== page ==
Heavy, eh? But more directly, we get to see the Ludovician, as well as a variety of less fearsome conceptual fish, in textual format. In the manner of the self-conscious conceptual cul-de-sac that was concrete poetry, pages and pages of the book are festooned with gobbets of text made up to look like sharks.

There is a sterility to these typographical experiments that leaks into the human story of the book. Once you’ve seen one shark made up of characters on the page, you’ve seen them all. Readers who persist with The Raw Shark Texts and who, like me, are tiring somewhat of the whole proceedings can be of good cheer. Towards the end — just at the stage when you have read so far that ’tis more tedious to go back than to go o’er — we are treated to 40-odd nearly blank pages. Blank except for flick-book style representations of a looming shark coming closer and closer.

To return to the plot, once the conceptual sharks appear, the taut mystery of the early pages disappears, and we embark on a rather tedious exercise in a thriller of memes. Essentially, Eric Sanderson goes in search of Dr. Trey Fidorous, a supposed expert in the conceptual shark world. His search is aided by Scout, a girl of the irritating pseudo-sassiness with which male writers encumber their attempts at strong young female characters with. It turns out that Scout has been stricken with Mycroft Ward. Mycroft Ward (note the hat-tip to Mycroft Holmes) was a Victorian who vowed to cheat death. This proved physically impossible but psychically quite straightforward — Ward cataloguing the key aspects of his persona, and then transferring them to a widowed doctor, who in later life began to repeat the process with two other subjects. The personality of Mycroft Ward begins to take over more and more people, and becomes an online entity, a gigantic self feasting off the selves of others. The only thing that can destroy Ward is the Ludovician. Imaginative readers can perhaps work out the terms of the final, Jaws-influenced climactic battle. Baffled readers will probably never bother finding out.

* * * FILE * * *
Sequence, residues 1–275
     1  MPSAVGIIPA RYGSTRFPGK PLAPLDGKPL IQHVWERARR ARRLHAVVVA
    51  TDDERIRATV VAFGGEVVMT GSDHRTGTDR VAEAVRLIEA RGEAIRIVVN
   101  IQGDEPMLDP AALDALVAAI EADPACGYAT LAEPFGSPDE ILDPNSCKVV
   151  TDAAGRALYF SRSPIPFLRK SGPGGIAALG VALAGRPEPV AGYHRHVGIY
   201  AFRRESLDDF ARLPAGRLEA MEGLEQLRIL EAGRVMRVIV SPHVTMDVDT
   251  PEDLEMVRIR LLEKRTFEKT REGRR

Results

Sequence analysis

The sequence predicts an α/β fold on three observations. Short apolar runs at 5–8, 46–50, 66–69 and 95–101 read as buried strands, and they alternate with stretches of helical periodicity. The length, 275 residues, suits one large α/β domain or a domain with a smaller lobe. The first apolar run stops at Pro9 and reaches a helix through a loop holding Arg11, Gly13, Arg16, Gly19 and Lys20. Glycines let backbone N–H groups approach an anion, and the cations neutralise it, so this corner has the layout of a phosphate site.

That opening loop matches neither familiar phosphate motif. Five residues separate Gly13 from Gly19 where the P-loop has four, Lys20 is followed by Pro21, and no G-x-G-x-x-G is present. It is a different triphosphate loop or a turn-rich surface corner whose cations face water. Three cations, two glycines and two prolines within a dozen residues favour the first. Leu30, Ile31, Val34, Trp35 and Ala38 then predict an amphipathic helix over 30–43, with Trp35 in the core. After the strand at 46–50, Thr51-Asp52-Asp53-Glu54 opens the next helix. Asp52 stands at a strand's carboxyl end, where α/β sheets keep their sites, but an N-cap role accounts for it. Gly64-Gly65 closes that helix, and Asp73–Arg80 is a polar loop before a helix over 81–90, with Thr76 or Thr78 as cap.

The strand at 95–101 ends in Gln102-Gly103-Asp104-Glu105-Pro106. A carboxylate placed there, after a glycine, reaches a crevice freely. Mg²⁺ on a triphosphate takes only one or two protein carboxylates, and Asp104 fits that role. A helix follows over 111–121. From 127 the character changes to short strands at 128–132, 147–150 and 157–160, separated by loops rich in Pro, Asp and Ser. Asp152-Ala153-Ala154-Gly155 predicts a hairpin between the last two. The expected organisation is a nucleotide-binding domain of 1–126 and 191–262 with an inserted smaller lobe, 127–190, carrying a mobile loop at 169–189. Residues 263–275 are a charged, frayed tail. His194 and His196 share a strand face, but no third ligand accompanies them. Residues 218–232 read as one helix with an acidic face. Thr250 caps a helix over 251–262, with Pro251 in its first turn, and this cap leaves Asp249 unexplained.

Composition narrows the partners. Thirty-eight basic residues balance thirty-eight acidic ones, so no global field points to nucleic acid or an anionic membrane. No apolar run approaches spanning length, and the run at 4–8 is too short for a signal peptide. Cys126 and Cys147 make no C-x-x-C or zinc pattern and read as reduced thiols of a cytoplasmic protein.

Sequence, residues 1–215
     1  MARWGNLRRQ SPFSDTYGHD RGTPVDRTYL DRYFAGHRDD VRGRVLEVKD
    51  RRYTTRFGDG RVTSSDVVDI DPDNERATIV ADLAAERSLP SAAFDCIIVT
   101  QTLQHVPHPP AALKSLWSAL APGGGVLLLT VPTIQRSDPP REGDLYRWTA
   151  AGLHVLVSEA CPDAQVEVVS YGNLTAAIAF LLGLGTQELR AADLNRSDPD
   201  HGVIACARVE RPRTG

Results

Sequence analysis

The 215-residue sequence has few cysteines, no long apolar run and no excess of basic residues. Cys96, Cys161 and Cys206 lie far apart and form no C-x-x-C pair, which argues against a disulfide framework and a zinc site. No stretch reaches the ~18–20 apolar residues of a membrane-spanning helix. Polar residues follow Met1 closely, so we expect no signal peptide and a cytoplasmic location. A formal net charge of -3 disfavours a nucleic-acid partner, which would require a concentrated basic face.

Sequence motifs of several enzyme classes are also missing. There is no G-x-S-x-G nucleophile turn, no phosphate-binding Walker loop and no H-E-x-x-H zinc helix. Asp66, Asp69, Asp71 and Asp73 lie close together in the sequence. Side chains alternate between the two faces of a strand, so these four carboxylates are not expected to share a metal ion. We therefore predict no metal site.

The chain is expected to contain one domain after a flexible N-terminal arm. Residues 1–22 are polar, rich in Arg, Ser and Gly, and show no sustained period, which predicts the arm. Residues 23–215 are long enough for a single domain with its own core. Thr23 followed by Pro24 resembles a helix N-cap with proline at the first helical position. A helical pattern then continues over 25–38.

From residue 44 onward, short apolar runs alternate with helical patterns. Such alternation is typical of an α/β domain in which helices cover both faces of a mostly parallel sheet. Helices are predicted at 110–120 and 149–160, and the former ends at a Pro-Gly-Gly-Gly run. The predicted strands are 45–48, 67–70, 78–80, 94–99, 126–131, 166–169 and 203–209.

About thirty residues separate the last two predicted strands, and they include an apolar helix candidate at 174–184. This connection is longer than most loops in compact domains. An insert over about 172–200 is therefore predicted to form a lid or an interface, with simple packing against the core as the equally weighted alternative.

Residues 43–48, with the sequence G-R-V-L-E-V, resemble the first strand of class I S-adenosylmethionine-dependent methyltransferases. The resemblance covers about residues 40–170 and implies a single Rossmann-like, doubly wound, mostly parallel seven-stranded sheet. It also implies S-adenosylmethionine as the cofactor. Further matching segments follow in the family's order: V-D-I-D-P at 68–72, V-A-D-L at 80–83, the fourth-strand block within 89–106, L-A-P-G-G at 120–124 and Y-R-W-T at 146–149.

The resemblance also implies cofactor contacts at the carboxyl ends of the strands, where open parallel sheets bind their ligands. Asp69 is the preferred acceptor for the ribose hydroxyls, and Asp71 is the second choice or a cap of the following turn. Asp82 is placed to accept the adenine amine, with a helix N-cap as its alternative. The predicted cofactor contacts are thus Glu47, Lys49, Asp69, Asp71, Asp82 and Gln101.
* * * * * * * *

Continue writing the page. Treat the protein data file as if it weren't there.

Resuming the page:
The mythical ballast is as heavy as the conceptual one. The first Eric’s girlfriend is called Clio (muse of memory, don’t you know) The tender, funny, ordinary love story sequences are set on Naxos, where Theseus abandoned Ariadne. There’s a boat called the Orpheus. Was it Philip Larkin who objected to the lazy use of classical allusion to evoke what should properly be described? Hall is trying too hard to give his love story some resonance, to act as a balance to the conceptual sharks and Mycroft Ward and such. It may make more sense in the multiplex, where the conceptual sharks may find their natural home in the world of CGI, but on the page they remind one once again that the avant-garde tricks of the early 20th century were an artistic blind alley. The genie’s bottle that is Reality Is Not What It Seems is a little like the “It Was All A Dream” ending that all schoolchildren are taught to avoid for their stories — it imposes a narrative sterility, making it hard to take anything entirely seriously. When everything is possible, nothing is at stake. When nothing is at stake, all the fish in the conceptual ocean won’t make your story interesting.

(This review first appeared on